Building My Horse From the Ground Up–Part 2

Even though this section is about starting colts any older horse can benefit from these exercises.  Especially if you have a horse that is pushy or bossy or shows little respect.

At this point your horse should be able to stand quietly while tied and being groomed and lead nicely without crowding you or rushing past you.  We also have worked on desensitizing our colt (which up to this point has been ground work, but desensitizing can also be done in the saddle).  Now we are going to start asking our colts to do some more advanced moves.

When teaching a colt anything new, I start with a small cue. Then make it bigger and bigger until I get the desired result.  Then once the colt starts to figure out what I want I refine them and make them smaller and smaller until the colt moves with just the slightest suggestion of what I want.  Also when first asking a colt to do something new, timing is very important.  You want to reward your colt for the slightest attempt at doing the right thing.  This will help develop him into a problem solver.  He will learn that when you are giving him a cue, he needs to do something to get you to stop, and it is his job to figure out what you want.  Most importantly you must not stop cuing your horse until he makes and effort in the right direction.  If your horse goes the wrong way and you stop cuing him, you’ve just trained him to go the wrong way when you cue him that certain way.

Lateral Flexion

Lateral flexion, to me, is one of the most important things to teach your horse.  It helps build softness in your horses.  It helps them relax.  And it is the key to a one rein stop.  Honestly  I’m a little nervous riding horses that don’t know how to flex their heads to the side.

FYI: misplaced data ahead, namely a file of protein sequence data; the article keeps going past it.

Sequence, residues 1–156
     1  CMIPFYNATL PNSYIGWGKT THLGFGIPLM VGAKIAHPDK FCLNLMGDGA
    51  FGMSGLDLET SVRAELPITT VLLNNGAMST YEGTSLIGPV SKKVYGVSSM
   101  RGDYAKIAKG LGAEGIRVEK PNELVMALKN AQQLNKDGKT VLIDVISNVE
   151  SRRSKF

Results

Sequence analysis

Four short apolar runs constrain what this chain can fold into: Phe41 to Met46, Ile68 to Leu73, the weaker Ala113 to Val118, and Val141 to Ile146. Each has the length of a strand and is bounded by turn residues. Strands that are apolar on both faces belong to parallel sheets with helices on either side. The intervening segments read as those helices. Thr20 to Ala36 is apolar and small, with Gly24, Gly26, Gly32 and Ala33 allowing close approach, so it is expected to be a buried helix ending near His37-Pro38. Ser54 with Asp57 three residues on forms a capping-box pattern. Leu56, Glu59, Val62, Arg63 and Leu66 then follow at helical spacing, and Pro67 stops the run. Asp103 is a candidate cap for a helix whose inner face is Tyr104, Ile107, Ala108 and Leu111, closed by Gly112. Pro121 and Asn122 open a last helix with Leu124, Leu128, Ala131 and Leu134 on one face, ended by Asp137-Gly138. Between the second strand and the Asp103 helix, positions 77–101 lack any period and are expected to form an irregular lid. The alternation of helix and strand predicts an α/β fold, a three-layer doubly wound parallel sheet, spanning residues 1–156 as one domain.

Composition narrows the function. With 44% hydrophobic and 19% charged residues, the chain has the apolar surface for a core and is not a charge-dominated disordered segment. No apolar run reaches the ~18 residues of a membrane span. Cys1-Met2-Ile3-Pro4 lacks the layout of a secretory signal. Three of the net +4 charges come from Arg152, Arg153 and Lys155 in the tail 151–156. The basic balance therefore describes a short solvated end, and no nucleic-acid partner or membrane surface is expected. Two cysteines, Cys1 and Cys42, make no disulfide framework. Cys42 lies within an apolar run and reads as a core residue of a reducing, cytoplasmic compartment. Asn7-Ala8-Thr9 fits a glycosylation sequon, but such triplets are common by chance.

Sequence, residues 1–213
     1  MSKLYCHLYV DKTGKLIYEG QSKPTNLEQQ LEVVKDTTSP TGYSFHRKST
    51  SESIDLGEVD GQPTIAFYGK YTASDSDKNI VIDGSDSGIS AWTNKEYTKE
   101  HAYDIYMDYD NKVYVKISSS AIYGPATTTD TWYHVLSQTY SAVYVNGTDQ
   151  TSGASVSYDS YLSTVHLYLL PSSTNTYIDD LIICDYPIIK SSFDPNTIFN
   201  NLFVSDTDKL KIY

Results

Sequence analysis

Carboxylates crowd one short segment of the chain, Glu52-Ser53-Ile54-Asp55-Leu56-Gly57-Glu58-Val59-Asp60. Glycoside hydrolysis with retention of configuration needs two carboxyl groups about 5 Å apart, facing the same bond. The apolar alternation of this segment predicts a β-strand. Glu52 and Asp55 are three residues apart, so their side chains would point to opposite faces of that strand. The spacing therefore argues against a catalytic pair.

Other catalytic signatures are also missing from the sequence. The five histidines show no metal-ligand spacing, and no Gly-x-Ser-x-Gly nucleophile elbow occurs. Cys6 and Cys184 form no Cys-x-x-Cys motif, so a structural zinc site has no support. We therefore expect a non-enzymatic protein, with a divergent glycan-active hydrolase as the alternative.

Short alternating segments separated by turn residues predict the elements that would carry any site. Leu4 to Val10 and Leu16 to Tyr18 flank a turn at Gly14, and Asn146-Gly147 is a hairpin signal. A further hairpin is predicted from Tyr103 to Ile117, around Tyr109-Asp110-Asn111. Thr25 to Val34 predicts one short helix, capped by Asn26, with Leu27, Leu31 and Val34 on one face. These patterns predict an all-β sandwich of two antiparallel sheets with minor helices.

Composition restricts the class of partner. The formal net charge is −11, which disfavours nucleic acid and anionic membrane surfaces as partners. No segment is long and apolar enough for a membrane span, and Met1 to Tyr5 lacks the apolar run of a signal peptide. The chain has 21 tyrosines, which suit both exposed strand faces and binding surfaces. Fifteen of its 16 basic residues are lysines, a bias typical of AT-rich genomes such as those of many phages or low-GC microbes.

To teach my horse to flex laterally, I simply stand beside my horse at the shoulder, facing the same direction as the horse.  I place my right arm over my horses withers, and with my left hand I grasp the side of the nose band of the halter and apply pressure towards my hip.  At first your horse will probably move around in circles.  Just stay with him and continue to apply pressure.  The second he quits moving his feet and tips his head slightly towards you release pressure.  Then repeat, repeat, repeat.  Eventually he will get so he will tip his nose all the way around to you.  Once he will reach his nose around towards you, you can hold his head over here for a couple seconds at a time.  Repeat with the other side.

Moving the Hind Quarters

This may seam like a pretty easy task to teach your horse, but it is very important that he learns it and learns it correctly.  We can easily move our horse’s rear end by pulling his head around and swinging the rope at his rear end, but we want to refine this so that when we are in the saddle we can disengage his hind quarters in and emergency.

The goal here is to be able to slightly tip our colt’s nose towards us and touch his side slightly behind where your leg would hang while riding (what I call foot position three) this will result in you horse crossing his back legs as he moves his hind end away from you.

To start I give my horse the cue as if he already knows what I want.  I tip his nose slightly toward me and gently touch his side.  Most likely he hasn’t a clue what I want and will just stand there, but if he happens to make an effort to move his rear end away from me, I release pressure, rub his neck and let him stand for a couple of seconds before asking him again.  If he doesn’t move I will apply more pressure with my hand on his side.  I progress from pressure to tapping his side, to swinging the rope at his rear end, to popping the rope on his butt.  I only up the pressure until I get movement in the correct direction.  Once I get movement the colt gets to rest a couple of seconds.  Then I repeat, repeat, repeat.  Always starting with the smallest cue and working up to only as big as necessary.